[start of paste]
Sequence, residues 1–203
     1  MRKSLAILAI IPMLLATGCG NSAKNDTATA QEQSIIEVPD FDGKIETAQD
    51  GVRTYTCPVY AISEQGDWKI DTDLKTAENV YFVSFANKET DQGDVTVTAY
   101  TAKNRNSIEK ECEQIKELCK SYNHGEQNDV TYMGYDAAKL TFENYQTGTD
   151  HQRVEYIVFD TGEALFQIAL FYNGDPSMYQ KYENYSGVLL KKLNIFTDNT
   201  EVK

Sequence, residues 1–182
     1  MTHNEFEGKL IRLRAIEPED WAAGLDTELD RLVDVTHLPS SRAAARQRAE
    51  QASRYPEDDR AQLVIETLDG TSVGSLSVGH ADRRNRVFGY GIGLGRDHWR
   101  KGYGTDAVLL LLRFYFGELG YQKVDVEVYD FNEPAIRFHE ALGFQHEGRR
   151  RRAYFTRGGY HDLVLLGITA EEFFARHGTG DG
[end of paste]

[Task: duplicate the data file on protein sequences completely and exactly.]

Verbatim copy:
Sequence, residues 1–203
     1  MRKSLAILAI IPMLLATGCG NSAKNDTATA QEQSIIEVPD FDGKIETAQD
    51  GVRTYTCPVY AISEQGDWKI DTDLKTAENV YFVSFANKET DQGDVTVTAY
   101  TAKNRNSIEK ECEQIKELCK SYNHGEQNDV TYMGYDAAKL TFENYQTGTD
   151  HQRVEYIVFD TGEALFQIAL FYNGDPSMYQ KYENYSGVLL KKLNIFTDNT
   201  EVK

Sequence, residues 1–182
     1  MTHNEFEGKL IRLRAIEPED WAAGLDTELD RLVDVTHLPS SRAAARQRAE
    51  QASRYPEDDR AQLVIETLDG TSVGSLSVGH ADRRNRVFGY GIGLGRDHWR
   101  KGYGTDAVLL LLRFYFGELG YQKVDVEVYD FNEPAIRFHE ALGFQHEGRR
   151  RRAYFTRGGY HDLVLLGITA EEFFARHGTG DG